19 June 2014
G’day, eh! from Canada.
They call it the Great White North. Fortunately it’s summer, so it’s green, green, green.
In the east it’s warm. Canada has just woken from its winter slumber. The streets have survived the ice, snow, salt, sand and the melt. The cars have received another lawyer of rust, and the roads a few more cracks and potholes.
As my brother-in-law commented, this is the construction season. The mad rush to build, construct and repair roads, before the weather turns and the ground re-freezes. The street scape is a mass of scaffolding, gardens are being replanted, and every road is being repaired.
Fresh spring blooms, pale uncovered bodies and traffic chaos.
The freeways are ‘carparks’, the parks a verdant oasis of porcelain bodies, and Toronto’s cityscape a skyline of cranes.
Our 33rd floor apartment provides a vista of Toronto, punctuated by the CN Tower, still the world’s third-tallest structure. Lake Ontario in front, by day sparkling blue, and by night a dark mass with the far-away lights of the US twinkling on the distant shore.
Toronto is hosting World Pride 2014 next week, so the city is a resplendent with rainbow flags. No one is afraid to display their support for something different. No thoughts or cares about what the shareholders or voters would think. The banks, city council, restaurants, departments stores and public buildings are a prism of colour.
Don’t worry, I’m not going to don my stilettos and bash you over the head with my handbag (I have a man-bag anyway). It’s just interesting to be in a country where it just isn’t even relevant.
I won’t bore you with the usual flight plan of long, long flights from Perth to Sydney to Los Angeles to Toronto. Let’s just say that besides Business Class – thank you, Qantas 🙂 – 30 hours later, I stank, was tired, crotchety and needed to sleep. The usual story for previous readers of my blogs.
I have young bones and joints. How my seventy-plus and eighty-plus year old parents coped is amazing. I’m used to passing through LAX airport and US immigration’s warm and effusive welcome (for US readers: ask someone to explain sarcasm to you) when jet-lagged and vulnerable. My parents handled the process of immigration and lugging suitcases between terminals like seasoned pros.
Toronto was a sleep-deprived blur of family, sights and city.
We explored the older side of Toronto, historic streetscapes and ivy-covered three-storey Victorian mansions; the waterfront of Lake Ontario; art galleries; a personal tour of Osgoode Hall, the first and oldest law society in North America; and perhaps the odd bit of retail therapy at the Eaton Centre.
Well, we are lucky enough to have spent five days disrupting the life of my very patient brother- and sister-in-law and their energetic and adorable children. We even spent the day at their local street festival with our niece and nephew. Face painting, balloons, popcorn and music.
Note to Self: Tie the helium balloon to the pram next time. I never want to be responsible for that look of bewilderment, loss and that quivering bottom lip – mine, not my niece’s; my niece is made of sterner stuff.
They were even kind enough to put on a BBQ with friends that we haven’t seen for years. To say that my in-laws were generous with their time and kindness is an understatement. BTW, we promise to return your BMW in a few weeks.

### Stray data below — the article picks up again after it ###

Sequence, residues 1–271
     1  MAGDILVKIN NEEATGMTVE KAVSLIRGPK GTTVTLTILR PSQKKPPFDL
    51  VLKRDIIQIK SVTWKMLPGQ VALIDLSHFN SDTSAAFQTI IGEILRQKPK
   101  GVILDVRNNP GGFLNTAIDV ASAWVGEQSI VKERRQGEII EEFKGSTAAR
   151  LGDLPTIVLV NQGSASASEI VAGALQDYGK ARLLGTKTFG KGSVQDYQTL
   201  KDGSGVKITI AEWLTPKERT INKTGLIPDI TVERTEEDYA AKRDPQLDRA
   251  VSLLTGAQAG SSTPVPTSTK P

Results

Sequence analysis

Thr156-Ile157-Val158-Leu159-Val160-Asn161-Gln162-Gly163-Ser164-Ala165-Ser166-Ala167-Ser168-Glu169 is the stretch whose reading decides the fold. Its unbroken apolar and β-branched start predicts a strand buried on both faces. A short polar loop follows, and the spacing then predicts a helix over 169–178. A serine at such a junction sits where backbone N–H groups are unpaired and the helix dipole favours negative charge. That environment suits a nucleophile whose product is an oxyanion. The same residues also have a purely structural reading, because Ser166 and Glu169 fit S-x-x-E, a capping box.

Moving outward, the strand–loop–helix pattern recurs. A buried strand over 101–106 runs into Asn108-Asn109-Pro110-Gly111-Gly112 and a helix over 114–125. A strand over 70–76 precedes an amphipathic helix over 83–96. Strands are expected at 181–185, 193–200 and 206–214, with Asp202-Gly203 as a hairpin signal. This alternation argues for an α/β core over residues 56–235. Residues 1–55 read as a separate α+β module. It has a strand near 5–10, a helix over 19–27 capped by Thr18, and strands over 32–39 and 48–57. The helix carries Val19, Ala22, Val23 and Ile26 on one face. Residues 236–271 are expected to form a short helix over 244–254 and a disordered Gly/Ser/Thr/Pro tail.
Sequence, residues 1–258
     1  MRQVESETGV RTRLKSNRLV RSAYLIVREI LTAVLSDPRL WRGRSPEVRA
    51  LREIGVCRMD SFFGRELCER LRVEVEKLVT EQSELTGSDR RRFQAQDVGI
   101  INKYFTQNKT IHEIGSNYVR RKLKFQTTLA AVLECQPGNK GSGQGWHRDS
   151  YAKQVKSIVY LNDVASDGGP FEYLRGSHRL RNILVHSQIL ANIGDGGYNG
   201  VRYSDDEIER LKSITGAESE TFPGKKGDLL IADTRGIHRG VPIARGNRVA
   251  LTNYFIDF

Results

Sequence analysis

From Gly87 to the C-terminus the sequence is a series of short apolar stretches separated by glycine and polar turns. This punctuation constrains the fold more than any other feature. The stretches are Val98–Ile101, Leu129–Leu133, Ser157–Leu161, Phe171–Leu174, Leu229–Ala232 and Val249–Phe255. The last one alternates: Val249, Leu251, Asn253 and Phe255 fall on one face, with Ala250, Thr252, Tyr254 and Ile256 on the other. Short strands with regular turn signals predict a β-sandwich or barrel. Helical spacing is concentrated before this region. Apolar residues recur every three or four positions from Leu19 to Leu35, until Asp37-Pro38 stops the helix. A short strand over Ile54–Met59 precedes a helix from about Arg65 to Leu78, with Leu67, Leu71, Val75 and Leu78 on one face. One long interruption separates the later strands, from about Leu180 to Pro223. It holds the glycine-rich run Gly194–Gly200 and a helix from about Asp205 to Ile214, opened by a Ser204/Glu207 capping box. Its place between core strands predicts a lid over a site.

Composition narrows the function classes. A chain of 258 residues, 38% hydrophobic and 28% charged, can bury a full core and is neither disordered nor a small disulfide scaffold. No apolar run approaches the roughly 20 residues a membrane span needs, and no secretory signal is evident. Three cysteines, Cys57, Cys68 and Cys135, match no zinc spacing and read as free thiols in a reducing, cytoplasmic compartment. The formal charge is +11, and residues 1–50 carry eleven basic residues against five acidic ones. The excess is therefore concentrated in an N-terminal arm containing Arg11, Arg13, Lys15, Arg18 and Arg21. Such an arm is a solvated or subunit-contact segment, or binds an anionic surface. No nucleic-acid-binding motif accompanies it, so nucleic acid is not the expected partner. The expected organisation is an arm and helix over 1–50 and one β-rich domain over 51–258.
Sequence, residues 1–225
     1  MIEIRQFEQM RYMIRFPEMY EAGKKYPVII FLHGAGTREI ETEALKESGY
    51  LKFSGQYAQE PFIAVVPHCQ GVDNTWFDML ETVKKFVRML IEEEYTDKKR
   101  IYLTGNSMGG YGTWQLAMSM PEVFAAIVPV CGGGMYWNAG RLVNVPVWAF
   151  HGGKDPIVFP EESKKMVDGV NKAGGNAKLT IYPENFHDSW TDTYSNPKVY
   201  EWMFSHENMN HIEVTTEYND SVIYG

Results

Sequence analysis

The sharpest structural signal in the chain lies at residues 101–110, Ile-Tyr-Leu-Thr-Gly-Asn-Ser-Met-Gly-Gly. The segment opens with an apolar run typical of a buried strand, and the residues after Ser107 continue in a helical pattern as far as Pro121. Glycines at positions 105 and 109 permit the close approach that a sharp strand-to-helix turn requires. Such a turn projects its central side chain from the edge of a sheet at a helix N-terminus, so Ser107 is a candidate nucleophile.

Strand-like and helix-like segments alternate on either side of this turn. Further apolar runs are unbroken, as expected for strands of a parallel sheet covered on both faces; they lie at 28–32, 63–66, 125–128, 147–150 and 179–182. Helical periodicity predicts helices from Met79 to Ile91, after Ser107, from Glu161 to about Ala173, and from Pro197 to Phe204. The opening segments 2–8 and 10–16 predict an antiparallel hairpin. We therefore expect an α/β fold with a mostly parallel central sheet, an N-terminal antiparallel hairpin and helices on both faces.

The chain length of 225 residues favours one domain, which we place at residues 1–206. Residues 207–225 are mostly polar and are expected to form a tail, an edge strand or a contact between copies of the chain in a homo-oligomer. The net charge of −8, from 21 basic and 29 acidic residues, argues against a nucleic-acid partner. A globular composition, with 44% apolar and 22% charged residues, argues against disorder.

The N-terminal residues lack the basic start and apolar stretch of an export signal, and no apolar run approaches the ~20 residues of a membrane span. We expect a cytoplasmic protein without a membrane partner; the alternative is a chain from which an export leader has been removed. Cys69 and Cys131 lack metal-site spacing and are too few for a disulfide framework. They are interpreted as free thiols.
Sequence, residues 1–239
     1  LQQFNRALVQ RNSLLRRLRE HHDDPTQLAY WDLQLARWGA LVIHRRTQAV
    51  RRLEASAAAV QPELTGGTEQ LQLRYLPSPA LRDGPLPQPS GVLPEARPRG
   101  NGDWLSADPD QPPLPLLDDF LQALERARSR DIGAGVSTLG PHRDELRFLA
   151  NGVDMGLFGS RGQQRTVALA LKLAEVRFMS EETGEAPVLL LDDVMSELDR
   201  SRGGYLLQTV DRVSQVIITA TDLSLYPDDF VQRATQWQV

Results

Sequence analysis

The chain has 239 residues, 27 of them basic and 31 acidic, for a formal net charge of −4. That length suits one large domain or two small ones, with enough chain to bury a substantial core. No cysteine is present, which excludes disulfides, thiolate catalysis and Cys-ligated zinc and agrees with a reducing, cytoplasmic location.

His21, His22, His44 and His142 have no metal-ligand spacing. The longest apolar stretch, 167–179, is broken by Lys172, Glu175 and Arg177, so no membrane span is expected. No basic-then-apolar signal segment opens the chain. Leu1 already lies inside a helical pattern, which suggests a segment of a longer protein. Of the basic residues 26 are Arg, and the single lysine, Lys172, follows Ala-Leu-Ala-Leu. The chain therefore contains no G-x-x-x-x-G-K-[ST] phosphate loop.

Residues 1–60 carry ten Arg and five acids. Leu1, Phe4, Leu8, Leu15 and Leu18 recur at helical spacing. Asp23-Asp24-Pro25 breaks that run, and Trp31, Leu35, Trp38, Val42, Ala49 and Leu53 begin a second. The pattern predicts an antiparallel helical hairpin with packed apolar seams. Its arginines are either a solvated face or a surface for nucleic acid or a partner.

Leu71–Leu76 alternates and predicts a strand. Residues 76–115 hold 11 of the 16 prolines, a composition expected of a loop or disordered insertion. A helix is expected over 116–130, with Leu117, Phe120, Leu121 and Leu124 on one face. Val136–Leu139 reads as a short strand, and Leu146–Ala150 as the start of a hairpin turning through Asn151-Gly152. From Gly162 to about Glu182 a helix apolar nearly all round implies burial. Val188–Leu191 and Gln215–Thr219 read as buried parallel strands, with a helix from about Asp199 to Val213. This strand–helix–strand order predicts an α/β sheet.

I’m loving the drive, but the driver’s seat is on the wrong side for an Aussie. Thank god for the smooth ride, because not content with pushing ourselves with long distance flights, we added a ten and a half hour drive. Toronto to Quebec City to Baie-St-Paul. We hit the tarmac at seven in the morning and motored 800 km northeast through fields of wildflowers, weathered wooden barns and copses of conifers, poplar and silver birch. Australian readers will appreciate this: Lush green, dark green, light green, variegated green. Not an inch of brown dry earth.
I have always found Canadians law-abiding and extremely polite and considerate. Well, on the road, most people seem to channeling an inner Ricciardo. Speed limits are treated as a suggestion. Now I have driven in many countries around the world and I’m no prude when it comes to the accelerator. But when it comes to travelling at 125 km/h (the limit is 90-100) with a continuous stream of massive semi-trailers passing me, my palms get a bit sweaty. (Brother-in-law – just forward the speeding fines!) Actually, the reason my brow had beads of perspiration on it was that I was actually keeping to the speed limit … well, close to it 😉
A “heads up” to Québécois drivers: When travelling at 140 km/h with only a thirty centimetre gap between you and the next car – it’s not going to end well.
At five-thirty in the afternoon, we negotiated the historic and cobbled streets of Quebec City. As a Mike and I have already spent time in the French Canadian capital, we dropped my parents off for a few days and drove further north to the Charlevoix Region and a small town on the edge of the St Lawrence River, to a hotel Mike found which is a mix of industrial chic and vintage French ski chalet. A confusing melange, but it works extremely well. They even have game on the menu. After seeing all the roadside moose warning signs, I had an appetite for some Canadian critters.
Speaking of game. So far I’ve seen a raccoon, a Bambi, a skunk and a porcupine (well, its head.)
All road kill of course.
Little more interesting then the usual bloated kangaroo you find lying on Australia’s country highways and byways.
Time to practise my French, and digest some wildlife in Hotel la Ferme’s restaurant.